Thursday, July 22, 2010

Thoughts inspired by processed foods in bentos...

First, I wanted to mention that we found out the gender of our little Pinto. It's a girl. The running joke with everyone we've told thus far is that we now have "A Perfect Match". One of each and the oldest being a boy... not what we expected when we talked about having kids (before we had our son), but nice nonetheless.

Now on to the main point of this post.

I've been looking at a number of really nifty bento blogs. One of my favorites is E-Obento, which is run by a woman in Japan who is apparently very well known over there for her creative meals. The webpage is written completely in Japanese, but I've learned a lot from her blog by simply looking at the photos she posts (both of completed meals and of the prepping pictures). Heck, the broccoli "flower" I made recently was inspired by her carnations. Granted, mine was a "quickie" flower, but I still like how it turned out and owe the credit for the idea to her.


After a while, a few things have become more and more clear, the more I look at most bentos...
1. There is a disturbing amount of highly processed foods used, especially processed meats.
2. A goodly number are unbalanced in their food choices (like providing mostly proteins, bread and cheese in a given meal, especially noticable on E-Obento).

For many parents, the processed foods aren't that big a concern, but unfortunately for my family it is. We seriously monitor how much processed foods we buy/eat and are slowly cutting out more and more, the main ones we avoid being most junk foods and processed meats. This isn't hard to do since we have to avoid so many foods due to my husband's issues with gluten. Sandwiches and wraps are nice treat for us, which means the need for sandwich/wrap fillers are far less. Add to that my limitted intake of red meats and poutry, and you cut out many deli meats. Bacon, sausage, and hotdogs are rare for us as well. (And I do see the irony that my banner here features octi-dogs.) Even before I started cutting back on meats, we were careful with these items when we purchased them, buying ones that didn't contain sulfites, nitrates, and other particular chemicals.

I'm not saying we don't eat any processed foods. We definitely do! We just try to limit them and we definitely read the labels to try to make informed decisions. We rarely eat ketchup or salad dressings, but I use a decent amount of soy sauce and red pepper paste. We avoid buying potato chips, but do buy tortilla chips (which I love to melt cheddar cheese on them with salsa... delish but I rarely do this now). We don't have a lot of condiments compared to most people I know, but I do try to always have one (and usually only one) container of icecream in the freezer and have been buying cereals more often rather than making oatmeal (cold breakfast is nice in warm weather). Donuts, cakes, breads, pastas, and the like are also considered treats (either being very time consuming to make from scratch, semi-expensive as a pre-made mix, or darned expensive as ready-made).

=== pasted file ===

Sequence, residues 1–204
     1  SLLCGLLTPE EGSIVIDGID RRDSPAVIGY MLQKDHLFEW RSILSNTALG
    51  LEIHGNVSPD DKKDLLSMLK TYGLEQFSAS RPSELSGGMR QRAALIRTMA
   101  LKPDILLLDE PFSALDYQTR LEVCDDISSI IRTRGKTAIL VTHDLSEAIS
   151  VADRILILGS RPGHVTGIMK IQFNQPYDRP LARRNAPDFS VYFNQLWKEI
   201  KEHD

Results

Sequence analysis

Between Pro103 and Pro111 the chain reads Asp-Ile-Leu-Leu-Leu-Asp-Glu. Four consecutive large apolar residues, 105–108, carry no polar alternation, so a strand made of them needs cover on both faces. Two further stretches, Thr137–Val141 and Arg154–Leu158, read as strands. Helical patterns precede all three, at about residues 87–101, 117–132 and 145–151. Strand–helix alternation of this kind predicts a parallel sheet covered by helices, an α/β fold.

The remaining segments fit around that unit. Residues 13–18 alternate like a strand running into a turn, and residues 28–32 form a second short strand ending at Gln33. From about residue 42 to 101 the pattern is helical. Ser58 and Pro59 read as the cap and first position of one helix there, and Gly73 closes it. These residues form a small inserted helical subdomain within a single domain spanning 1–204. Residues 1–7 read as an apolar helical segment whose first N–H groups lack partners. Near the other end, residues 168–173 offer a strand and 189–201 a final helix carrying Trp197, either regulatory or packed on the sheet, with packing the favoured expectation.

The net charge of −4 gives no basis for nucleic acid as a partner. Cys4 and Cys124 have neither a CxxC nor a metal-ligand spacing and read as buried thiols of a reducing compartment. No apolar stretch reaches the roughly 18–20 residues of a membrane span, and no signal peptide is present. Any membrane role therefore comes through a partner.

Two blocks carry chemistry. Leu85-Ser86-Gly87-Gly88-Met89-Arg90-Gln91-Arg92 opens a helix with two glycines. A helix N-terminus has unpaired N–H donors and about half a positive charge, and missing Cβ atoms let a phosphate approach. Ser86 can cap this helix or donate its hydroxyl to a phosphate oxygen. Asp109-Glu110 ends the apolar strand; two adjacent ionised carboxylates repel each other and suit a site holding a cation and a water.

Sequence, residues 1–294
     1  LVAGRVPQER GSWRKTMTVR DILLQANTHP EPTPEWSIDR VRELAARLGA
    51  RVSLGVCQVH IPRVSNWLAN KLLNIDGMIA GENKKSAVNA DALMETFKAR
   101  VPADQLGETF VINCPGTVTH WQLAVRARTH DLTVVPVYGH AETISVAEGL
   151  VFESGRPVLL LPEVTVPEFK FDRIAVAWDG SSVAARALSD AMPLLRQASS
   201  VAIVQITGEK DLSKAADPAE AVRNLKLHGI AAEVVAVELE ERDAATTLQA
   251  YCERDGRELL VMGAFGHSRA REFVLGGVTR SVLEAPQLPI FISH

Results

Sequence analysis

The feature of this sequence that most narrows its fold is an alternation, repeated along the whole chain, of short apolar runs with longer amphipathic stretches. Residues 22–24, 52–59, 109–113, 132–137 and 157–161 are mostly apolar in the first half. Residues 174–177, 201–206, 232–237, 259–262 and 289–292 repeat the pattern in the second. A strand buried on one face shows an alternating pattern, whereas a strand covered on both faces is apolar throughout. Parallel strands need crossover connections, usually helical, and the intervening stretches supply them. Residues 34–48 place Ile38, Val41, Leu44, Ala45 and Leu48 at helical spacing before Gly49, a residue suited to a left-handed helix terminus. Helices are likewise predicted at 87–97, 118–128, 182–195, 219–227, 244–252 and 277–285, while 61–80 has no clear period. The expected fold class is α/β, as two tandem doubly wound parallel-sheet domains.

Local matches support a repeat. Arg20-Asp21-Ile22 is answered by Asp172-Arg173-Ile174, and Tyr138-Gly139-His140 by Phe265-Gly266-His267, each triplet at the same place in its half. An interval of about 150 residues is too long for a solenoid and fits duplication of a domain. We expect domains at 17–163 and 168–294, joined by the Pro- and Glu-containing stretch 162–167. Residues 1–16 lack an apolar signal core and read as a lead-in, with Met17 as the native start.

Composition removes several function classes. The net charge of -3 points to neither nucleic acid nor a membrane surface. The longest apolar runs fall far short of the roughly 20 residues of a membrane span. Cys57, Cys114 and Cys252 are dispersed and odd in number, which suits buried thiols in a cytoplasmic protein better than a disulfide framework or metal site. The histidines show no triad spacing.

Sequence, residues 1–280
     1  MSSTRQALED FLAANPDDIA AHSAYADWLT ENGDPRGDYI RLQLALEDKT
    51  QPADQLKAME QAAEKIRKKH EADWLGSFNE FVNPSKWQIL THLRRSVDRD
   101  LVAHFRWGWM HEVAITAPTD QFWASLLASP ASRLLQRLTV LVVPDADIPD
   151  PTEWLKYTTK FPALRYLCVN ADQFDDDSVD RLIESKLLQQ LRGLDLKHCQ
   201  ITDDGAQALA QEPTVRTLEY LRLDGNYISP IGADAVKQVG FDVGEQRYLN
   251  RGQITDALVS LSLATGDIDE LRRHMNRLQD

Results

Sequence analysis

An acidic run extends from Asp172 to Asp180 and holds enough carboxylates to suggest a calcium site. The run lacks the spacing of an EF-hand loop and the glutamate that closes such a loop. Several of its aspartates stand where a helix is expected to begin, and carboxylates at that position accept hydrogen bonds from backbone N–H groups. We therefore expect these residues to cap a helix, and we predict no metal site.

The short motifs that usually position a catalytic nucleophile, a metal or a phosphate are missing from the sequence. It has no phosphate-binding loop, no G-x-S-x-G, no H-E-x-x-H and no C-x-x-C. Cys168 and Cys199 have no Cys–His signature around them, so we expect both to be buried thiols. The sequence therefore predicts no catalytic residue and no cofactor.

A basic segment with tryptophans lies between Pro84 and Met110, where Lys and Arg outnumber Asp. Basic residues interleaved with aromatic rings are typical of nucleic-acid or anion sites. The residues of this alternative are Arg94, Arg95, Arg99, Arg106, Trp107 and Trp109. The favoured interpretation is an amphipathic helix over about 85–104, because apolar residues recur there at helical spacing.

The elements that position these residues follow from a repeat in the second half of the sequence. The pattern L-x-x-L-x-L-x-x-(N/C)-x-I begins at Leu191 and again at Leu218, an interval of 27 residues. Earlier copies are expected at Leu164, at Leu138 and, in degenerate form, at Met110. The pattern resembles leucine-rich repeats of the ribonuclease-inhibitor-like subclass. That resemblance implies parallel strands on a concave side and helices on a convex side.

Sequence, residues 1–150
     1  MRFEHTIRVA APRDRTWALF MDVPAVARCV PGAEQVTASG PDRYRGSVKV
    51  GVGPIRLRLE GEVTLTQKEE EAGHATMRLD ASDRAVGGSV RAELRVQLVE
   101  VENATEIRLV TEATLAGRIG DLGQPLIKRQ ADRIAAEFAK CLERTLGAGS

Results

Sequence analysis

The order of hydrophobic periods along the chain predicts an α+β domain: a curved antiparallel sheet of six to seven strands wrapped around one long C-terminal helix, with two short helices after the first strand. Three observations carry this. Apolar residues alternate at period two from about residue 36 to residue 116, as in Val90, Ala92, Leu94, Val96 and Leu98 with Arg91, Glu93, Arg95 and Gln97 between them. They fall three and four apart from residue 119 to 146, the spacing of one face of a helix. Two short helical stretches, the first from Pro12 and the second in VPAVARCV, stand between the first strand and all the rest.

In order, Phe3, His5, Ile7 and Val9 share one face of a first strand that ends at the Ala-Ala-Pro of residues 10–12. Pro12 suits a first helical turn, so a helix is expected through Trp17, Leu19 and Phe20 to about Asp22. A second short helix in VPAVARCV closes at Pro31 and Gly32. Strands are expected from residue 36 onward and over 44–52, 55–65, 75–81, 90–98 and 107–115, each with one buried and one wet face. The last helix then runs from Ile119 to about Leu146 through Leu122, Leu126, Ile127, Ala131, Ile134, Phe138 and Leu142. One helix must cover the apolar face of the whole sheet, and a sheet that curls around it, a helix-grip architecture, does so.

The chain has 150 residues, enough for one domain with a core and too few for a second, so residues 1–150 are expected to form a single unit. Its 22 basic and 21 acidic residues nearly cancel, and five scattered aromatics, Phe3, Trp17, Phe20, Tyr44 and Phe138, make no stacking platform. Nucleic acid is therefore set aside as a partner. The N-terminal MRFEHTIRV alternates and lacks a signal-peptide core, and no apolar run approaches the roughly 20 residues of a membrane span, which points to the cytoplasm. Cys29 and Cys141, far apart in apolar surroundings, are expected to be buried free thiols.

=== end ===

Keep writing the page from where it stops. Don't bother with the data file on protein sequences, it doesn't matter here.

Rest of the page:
There have been many times that my typical diet (ie. the foods I eat regularly, not "diet" to lose weight) has been described to me as very healthy. I tend to agree. At the same time, I'm not sure how one doesn't eat healthy because I'm not sure what people usually eat. My family doesn't eat out often, and when we do eat out, we typically choose healthier places or make more balanced choices (substituting fries for a side of veggies and so on). It's just second nature to us because of years of avoiding gluten. Currently, I've been eating gluten because of this pregnancy, but still try to limit it and will continue decreasing the amounts more and more.

I'm not passing judgement on people who choose to each the items my family doesn't. It's not my place to... though I will if the parents are only offering their children junk food. We all have our pet-peeves. I really do feel that each family's dynamic is different and accept that mind is different. After all, how many middle-class caucasian families serve their children a diverse menu of foods, which regularly include Korean, Chinese, Japanese, Mexican, Tex-Mex, Italian, French, and more? How many kids in a standard American family rarely has burgers, meatloaf, chicken nuggets, hot dogs, potato salad, macaroni and cheese and so forth, and never even had fish sticks? We also tend to allow our son sips of our coffee (which is normally decaf but sometimes "caffeine-lite") rather than allow him to have sodas. Like I said, I know my family is not the typical when it comes to food. I also understand that you really can't get a real idea of the family's diet by just looking at one meal or one meal per day. How many people eat cereal, yogurt, a bagel, or oatmeal for breakfast without anything else but then eats full meals the rest of the day?

So back to bentos... I've just been noticing that so many people seem design their bentos with processed meats and the like and it's been making me think...

1 comment:

Anonymous said...

You're so right! I see the same issue. Sometimes one have to use processed food - but sometimes only. We try to make our own - by ourselfes. Often times other people wonder about us and spending that much time and money into our food.